`Bonus justification insult to British troops killed in Afghanistan’

`Comments deeply insensitive’

9th December 2009: Even as immigration and border minister Phil Woolas defended big bonuses to his "very brave" staff saying they "put their lives on the line", furious MPs described the comments as an insult to the 100 British troops killed in Afghanistan this year.
Claiming he was stunned, Home Affairs committee chairman Keith Vaz said as many as 29 senior officials got £295,000 in bonuses, despite losing 40,000 immigrants.
The committee was also critical of the `slow clearance’ of 450,000 asylum cases, even as the UK Border Agency said it hoped to clear the backlog expeditiously.
Terming the bonuses as “merited”, Woolas had earlier told the BBC that he thought the UK Border Agency should be praised, as they are very brave men and women, adding he was defending his staff, “who put their lives on the line for us."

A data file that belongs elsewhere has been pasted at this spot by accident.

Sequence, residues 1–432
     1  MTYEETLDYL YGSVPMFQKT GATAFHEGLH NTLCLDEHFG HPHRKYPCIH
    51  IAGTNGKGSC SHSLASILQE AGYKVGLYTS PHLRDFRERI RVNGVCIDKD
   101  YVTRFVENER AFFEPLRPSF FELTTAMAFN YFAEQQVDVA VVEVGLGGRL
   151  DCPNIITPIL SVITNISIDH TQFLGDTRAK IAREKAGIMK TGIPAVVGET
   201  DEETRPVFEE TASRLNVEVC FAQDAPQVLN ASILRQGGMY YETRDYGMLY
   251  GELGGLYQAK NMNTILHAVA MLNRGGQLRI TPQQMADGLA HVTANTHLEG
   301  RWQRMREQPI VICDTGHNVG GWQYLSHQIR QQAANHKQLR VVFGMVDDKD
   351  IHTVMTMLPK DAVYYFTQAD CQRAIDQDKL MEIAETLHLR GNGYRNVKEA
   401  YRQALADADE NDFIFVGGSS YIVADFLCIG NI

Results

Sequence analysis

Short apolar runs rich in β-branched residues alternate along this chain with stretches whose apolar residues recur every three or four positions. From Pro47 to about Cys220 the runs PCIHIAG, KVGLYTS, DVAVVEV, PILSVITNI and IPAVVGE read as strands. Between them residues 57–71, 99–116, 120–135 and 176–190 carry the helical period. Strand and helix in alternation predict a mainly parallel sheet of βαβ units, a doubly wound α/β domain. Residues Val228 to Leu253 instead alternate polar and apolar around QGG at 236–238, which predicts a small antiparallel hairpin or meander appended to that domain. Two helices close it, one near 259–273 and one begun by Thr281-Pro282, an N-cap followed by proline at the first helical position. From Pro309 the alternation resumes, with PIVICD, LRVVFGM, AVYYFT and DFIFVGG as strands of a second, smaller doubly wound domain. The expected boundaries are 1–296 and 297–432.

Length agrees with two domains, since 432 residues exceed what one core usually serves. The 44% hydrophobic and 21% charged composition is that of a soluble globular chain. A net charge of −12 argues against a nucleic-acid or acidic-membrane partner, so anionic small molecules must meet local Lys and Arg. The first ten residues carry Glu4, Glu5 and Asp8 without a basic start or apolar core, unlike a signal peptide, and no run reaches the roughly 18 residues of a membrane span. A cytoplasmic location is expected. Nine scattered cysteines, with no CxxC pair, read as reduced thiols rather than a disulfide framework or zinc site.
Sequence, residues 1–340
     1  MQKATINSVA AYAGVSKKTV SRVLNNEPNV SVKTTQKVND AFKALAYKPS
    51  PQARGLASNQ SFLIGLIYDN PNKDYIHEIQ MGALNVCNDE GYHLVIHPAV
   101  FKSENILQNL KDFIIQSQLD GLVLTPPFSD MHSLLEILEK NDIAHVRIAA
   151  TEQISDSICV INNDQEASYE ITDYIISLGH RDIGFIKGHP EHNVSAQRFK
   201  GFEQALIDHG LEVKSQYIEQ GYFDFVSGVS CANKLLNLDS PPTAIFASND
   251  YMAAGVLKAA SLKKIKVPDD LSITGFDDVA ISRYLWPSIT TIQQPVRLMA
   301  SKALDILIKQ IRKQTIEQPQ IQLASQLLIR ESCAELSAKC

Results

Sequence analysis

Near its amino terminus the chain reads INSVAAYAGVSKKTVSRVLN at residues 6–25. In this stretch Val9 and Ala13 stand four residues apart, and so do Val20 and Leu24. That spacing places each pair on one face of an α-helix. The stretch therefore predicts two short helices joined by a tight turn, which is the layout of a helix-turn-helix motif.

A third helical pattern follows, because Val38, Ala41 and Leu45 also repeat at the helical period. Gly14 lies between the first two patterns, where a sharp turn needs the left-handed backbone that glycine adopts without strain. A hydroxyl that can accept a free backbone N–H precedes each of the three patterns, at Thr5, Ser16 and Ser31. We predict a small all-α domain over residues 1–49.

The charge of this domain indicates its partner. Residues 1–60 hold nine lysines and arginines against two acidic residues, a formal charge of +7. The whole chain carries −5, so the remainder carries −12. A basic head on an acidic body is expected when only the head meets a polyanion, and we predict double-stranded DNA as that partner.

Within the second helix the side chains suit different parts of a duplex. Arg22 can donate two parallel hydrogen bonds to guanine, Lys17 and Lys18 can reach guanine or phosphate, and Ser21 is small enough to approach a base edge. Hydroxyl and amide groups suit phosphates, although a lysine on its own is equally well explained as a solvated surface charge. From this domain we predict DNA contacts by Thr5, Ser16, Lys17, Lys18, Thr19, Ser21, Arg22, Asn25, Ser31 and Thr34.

Woolas had subsequently insisted he didn’t compare staff to soldiers, but said they often faced "dangerous situations”.
Reacting sharply, an ex-Army officer-cum-Tory MP Patrick Mercer claimed the comments were deeply insensitive; and came soon after the Ministry of Defence announced the death of the 100th soldier in Afghanistan this year.
Mercer said it was a hard thing to swallow for fighting forces to be compared to an immigration service, about which a majority of them had the gravest of doubts.
Home Office sources, in the meantime, said Woolas was only talking about the circumstances in which staff had to work in dealing with immigration and detecting people smugglers.
They said airport liaison officers in Nigeria had to be escorted to work by armed guards.
In the past also, attempts were made by stowaways to stab officers.

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